Click here to go to our discussion of group velocity
Here's the index to our ever-expanding content on group delay:
Group delay data smoothing (separate page)
Dispersion (separate page)
Group delay in waveguide structures (separate page)
Group delay in filters (separate page)
Measuring group delay (separate page)
Simulating group delay using Agilent's ADS (separate page)
Extracting dielectric properties from group delay (new for August 2010!)
Time delay units (TDUs) (new for January 2011!)
Group delay is defined as the rate of change of transmission phase angle with respect to frequency. The units work out to time when the angle is in radians and frequency is in radians/time (seconds, nanosecond, picosecond or whatever is convenient, depending on the length of the path). When group delay is extracted from S-parameters, unless the network is a perfect measurement of a perfect transmission line, there will be variations over frequency. But within a small amount of bandwidth, group delay is usually nearly constant. Thanks to Martin, for keeping us on out toes!
Martin further wishes to point out that group delay can actually can be negative (in some rare occasions).
Group delay can be construed as a measurement of how long it takes a signal to traverse a network, or its transit time. It is a proportional to the length of the network, and usually a weak function of frequency. In this sense, we at Microwaves101 show you how top use group delay to extract dielectric material properties.
In considering group delay, remember that in free space all electromagnetic signals travel at the speed of light, "c", which is approximately 3x108 meters per second.
A very good rule of thumb that you should tattoo on your arm if you can't remember it is that E-M radiation travels one foot in one nanosecond, unless there is something to slow it down (a dielectric). A more exact value is 0.983571 feet per nanosecond in free space.
You should know that the speed of light is exactly equal to 1/()^0.5, where is the permittivity of the medium, and is its permeability. While the one-nanosecond-per-foot rule works for free space , what about coax cables? The group velocity is reduced in coax by 1/sqrt(R). Most coax cables use 100% PTFE filling, which has a dielectric constant of about 2.2 This works out to a group delay of 1.45 nanoseconds for one foot of solid PTFE coax. Keep in mind that some flexible cables use PTFE that is partially filled with air; these cables provide group delay on the order of 1.3 to 1.4 nanoseconds per foot.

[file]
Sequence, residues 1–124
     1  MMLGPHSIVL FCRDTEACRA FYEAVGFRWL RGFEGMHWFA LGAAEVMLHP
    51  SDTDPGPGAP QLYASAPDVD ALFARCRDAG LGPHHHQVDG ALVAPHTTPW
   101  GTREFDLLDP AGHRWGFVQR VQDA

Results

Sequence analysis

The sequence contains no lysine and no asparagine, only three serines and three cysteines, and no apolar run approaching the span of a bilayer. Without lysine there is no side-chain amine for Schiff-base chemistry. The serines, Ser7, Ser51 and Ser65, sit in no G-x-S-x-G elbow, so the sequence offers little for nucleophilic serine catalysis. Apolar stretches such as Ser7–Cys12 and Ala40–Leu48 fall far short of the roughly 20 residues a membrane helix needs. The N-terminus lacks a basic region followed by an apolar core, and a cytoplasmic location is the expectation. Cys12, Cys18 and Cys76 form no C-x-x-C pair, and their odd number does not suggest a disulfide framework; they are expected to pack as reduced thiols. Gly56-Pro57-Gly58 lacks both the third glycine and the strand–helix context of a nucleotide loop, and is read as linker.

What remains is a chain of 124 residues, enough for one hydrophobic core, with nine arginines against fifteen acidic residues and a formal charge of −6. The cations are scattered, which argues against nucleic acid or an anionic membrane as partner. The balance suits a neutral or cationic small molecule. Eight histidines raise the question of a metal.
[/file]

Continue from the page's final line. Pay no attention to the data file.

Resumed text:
See our separate page on group delay in waveguide structures.
Group delay in microwave filters is another great topic, you can find more info here (thanks, Cheryl!) Filters end up contributing a lot of delay to microwave circuits, even though they are often physically very compact. Remember that the higher the filter order and the tighter the bandwidth requirements, the more group delay a filter introduces.
Flat and consistent group delay (versus frequency) is important in radar systems. With radar we are trying to measure distances accurately using electromagnetic energy. The frequency content of a radar pulse is complex and can span one GHz of bandwidth or more. When we process the pulse, we'd like to know that it's spectrum will be treated the same over the intended bandwidth of frequencies, otherwise distortion will render radar range measurements inaccurate. Inductors, capacitors, transistors, amplifiers, transformers, etc. can all contribute to eroding the group delay flatness of a network.
Group delay consistency (unit-to-unit, over temperature, over frequency, over attenuation state) is extremely important in receivers such as monopulse, where amplitude and phase tracking is required to achieve good null depths. OK, we haven't dealt with the topic of monopulse systems, be patient and we'll get to that later!
The group delay of TEM transmission lines is very well behaved, and flat with frequency. Group delay flatness can be an issue in waveguide, especially near the lower cutoff frequency. The group delay of microwave filters is another story altogether. The group delay in a tiny edge-coupled filter can be the longest delay in a microwave receiver. It often produces the most variation in group delay from unit-to-unit, and across frequency.
Group delay flatness is one of many microwave concepts that has an audio analogy. If the time delay of audio frequencies varies within a sound system, your music listening experience would be seriously compromised.
Time delay units are networks that provide switchable delays to microwave signals.